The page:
I hate going to the opticians. I hate it not just because it can be expensive and not just because I don’t like being told my eyesight is not as good as it used to be. I hate it because I do not like the current fashion in spectacles. To me, this current ‘retro’ look with thick frames and solid, heavy look arms is very reminiscent of the spectacles we used to have in the 1960s. I guess that’s why it’s called ‘retro’. Okay, I know the spectacles we buy nowadays are not the same as those in the 1960s, they’ve employed newer technology to make the lenses thinner and the frames lighter, technology has also created lenses with varifocal correction rather than just single vision correction of the past.
The trouble is that during the first 9 years of the 21st Century, ‘retro’ seems to be everywhere; it’s as if we are having trouble facing the modern 21st century world. Take my wife’s car for example, I recently bought her a new Fiat 500 which is designed to look much like the Fiat 500 of the 1960s but which uses modern technology to make the ride safer and more comfortable.
Then there’s my neighbour’s wife’s car, which is a BMW mini. This again is designed to mimic the looks of the classic 1960s mini but which uses modern technology to create a car that is more pleasant and safer to drive.
So what does all this tell you, apart from the fact that my neighnour appears to earn more money than I do? Well it tells us that the ‘retro’ style is very much in vogue at the start of the 21st century. This is possibly because we are uncomforatble with the modern 21st century image or that no one is quite sure what the 21st century image should be.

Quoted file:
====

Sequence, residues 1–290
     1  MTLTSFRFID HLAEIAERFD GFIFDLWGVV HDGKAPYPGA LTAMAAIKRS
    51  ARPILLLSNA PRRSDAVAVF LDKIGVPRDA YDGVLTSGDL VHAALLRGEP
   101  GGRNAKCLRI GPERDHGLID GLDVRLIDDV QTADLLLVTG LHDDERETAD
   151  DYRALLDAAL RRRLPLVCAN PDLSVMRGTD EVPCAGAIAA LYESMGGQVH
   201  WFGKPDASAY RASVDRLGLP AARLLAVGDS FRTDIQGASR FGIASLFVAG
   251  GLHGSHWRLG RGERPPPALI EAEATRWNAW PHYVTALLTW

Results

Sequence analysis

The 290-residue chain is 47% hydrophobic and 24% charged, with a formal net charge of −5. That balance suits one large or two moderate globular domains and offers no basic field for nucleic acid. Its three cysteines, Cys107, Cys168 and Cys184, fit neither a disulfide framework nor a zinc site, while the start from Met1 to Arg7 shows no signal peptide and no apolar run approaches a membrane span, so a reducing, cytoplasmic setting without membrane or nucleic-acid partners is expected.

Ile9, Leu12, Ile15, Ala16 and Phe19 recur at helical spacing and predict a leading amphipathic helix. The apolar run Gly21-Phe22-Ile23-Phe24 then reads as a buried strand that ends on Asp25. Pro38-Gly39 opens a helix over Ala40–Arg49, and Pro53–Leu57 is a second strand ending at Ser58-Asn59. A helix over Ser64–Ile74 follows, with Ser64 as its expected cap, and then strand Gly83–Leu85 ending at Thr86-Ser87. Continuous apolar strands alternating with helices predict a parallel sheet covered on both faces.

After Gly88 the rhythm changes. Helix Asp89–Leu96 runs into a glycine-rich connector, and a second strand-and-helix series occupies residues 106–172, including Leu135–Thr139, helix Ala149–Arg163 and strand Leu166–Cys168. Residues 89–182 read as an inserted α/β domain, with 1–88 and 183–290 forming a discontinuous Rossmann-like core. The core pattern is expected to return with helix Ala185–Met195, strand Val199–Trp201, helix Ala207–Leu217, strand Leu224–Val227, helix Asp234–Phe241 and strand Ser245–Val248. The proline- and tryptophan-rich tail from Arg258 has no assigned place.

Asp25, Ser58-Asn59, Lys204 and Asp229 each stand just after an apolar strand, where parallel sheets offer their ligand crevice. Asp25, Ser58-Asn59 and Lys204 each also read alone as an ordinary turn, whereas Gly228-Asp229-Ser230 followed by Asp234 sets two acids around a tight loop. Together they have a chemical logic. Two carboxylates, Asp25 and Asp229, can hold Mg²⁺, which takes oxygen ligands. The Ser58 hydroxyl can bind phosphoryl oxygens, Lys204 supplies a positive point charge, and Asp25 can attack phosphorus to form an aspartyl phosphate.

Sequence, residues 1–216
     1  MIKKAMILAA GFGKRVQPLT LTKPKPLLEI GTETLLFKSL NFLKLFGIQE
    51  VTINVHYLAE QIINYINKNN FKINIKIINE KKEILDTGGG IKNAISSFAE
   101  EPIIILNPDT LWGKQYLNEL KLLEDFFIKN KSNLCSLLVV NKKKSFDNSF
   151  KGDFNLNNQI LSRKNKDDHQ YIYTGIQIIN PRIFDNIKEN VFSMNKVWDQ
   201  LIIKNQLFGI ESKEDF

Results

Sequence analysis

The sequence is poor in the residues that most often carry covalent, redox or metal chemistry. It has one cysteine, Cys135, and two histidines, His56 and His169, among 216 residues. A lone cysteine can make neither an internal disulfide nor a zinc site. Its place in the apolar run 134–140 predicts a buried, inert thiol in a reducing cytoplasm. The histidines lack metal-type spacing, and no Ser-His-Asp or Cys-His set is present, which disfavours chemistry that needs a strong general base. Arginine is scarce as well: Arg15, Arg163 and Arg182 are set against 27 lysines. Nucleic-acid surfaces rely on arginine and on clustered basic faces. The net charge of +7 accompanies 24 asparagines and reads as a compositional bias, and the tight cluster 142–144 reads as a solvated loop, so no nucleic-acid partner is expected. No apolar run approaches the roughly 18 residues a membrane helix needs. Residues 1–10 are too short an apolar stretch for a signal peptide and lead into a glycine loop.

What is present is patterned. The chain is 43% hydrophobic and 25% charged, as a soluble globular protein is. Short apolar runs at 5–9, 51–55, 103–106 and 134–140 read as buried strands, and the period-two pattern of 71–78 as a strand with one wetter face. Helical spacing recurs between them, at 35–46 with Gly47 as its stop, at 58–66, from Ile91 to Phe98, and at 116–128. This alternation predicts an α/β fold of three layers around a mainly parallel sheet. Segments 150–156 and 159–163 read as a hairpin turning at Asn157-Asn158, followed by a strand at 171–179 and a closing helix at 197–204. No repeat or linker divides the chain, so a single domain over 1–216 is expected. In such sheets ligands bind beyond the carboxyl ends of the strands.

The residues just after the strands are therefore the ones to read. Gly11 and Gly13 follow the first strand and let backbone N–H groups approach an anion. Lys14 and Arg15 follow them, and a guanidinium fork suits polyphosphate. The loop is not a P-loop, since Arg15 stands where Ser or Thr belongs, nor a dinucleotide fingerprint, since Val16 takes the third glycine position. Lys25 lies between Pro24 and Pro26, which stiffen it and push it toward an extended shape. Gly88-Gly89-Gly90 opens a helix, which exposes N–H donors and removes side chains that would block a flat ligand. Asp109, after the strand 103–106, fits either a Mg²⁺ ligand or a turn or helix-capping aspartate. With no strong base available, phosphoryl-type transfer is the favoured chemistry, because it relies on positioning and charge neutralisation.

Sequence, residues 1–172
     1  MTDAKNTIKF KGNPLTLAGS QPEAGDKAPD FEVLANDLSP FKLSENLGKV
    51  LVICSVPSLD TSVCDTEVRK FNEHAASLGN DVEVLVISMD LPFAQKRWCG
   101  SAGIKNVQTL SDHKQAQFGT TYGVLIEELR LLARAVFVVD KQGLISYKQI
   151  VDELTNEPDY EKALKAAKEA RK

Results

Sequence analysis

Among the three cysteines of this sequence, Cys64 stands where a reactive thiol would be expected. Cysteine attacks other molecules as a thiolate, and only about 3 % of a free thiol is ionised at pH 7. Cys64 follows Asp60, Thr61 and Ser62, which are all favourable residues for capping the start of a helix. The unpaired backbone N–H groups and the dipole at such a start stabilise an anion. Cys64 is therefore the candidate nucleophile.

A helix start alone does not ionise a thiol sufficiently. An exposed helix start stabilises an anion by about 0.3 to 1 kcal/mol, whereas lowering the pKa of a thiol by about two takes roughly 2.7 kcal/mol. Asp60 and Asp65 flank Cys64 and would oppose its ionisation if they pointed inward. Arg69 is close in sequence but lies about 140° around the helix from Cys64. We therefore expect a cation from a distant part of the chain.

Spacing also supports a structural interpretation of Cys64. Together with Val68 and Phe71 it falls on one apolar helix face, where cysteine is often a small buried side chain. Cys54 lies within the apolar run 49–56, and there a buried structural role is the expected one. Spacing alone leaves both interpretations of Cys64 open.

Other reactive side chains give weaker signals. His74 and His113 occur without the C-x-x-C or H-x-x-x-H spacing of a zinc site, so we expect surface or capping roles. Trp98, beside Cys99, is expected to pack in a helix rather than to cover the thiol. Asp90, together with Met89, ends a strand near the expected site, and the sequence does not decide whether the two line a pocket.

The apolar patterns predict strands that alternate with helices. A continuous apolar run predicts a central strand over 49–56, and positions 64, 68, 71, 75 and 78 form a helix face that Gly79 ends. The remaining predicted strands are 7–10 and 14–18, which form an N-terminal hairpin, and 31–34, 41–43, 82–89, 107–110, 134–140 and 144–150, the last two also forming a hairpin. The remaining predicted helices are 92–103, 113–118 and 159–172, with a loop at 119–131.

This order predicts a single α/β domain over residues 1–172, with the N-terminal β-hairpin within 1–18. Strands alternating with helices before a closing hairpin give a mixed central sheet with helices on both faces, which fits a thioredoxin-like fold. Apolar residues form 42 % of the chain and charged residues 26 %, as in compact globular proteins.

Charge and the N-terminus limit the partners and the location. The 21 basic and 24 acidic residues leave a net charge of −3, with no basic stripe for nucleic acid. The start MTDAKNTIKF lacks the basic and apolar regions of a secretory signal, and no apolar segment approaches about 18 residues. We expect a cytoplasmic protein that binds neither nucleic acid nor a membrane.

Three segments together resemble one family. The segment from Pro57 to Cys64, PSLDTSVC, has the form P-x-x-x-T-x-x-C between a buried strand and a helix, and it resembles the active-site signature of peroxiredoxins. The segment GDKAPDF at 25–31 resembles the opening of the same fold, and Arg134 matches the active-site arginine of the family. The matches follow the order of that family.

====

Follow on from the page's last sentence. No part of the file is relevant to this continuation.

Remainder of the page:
The trouble is that ‘teaching’ can also have a retro look about it which is reminiscent of the 1960s whith the teacher at the front dictating to rows of desks with the top pupils at the front or to groups of tables with the best pupils having best view of the teacher. As with cars and spectacles, this form of teaching nowadays also makes use of modern technology, it has a couple of computers on the side and a whiteboard with projector at the front. The trouble is, it is still an outdated style of teaching despite its use of technology.
We have to ask, though, why this style of teaching is still evident today? Is it just that this is what teachers are comfortable with, is it that this was the way teachers were (are?) being trained to teach? Or is it that nobody is really sure what 21st century teaching should be like?
To me, this is the real challenge. When we talk about Next Generation Learning or transforming learning or personalised learning, nobody has yet given a clear image of what this sort of learning should be like. This has led to confusion, bemusement and some opposition among teachers and educationalists. Those of us involved in technology and education need to present a clearer picture of what modern learning is to be like and how technology can support this.